Homeless baby boomers

Dec 1, 2015 | Research

The organisation has released new research estimating that by 2030, 200,000 retirement-aged people won’t own a house and will be unable to afford rent.

Over the next decade, the numbers needing state help to cover their rent was expected to rise considerably: from 35,000 this year to 100,000 by 2025.

“We risk discovering that New Zealand is going to have a population of homeless pensioners,” Salvation Army spokeswoman Sue Hay told Radio New Zealand.

The report says: “Australian housing researchers are reporting increasing incidents of what they term first time homelessness amongst people in their later-middle age or early retirement years.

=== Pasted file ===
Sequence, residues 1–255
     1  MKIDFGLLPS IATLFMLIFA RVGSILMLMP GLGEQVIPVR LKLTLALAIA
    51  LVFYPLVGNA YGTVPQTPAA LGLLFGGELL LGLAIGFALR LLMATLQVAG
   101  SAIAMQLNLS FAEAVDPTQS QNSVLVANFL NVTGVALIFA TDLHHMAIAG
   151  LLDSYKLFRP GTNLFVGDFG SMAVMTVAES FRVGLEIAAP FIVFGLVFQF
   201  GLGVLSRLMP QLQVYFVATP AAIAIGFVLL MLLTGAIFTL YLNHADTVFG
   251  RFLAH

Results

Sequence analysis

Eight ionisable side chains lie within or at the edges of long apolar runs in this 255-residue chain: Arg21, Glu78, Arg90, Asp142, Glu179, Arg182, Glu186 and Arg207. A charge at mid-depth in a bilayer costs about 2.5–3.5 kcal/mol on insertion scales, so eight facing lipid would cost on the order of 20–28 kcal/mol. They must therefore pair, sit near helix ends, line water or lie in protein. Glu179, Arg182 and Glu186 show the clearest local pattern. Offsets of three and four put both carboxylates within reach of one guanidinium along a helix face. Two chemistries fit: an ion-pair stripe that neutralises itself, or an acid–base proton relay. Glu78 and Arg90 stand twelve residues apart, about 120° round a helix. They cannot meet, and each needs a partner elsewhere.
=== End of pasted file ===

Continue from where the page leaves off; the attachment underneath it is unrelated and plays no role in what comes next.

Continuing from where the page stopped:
“These are people who have held down jobs and led fairly conventional lives until an event such as relationship breakdown, redundancy, injury or a health setback means that they lose their housing and perhaps income. They become street homeless and destitute.”

Research director for the Wellington-based social research group Cresa, Kay Saville-Smith, said the problem the report identified was merely a taste of things to come.

“In general, baby boomers are actually quite well-housed – and so the lesson you get from baby boomers who are not well-housed … provides a picture of what it’s going to be like for the cohorts and the generations that haven’t been able to get into home ownership.”

The report’s recommendations were things that should be done, but they were also too reactive to deal with the future problem, Ms Saville-Smith said.

“You have to really think about how you can raise the rate of home ownership again, but you also have to think about how you’re going to make … the rental market in particular, work for the increasing number of people who are going to end up in the rental market for all of their lives.”

Go to the Radio New Zealand report here. Read the report here.

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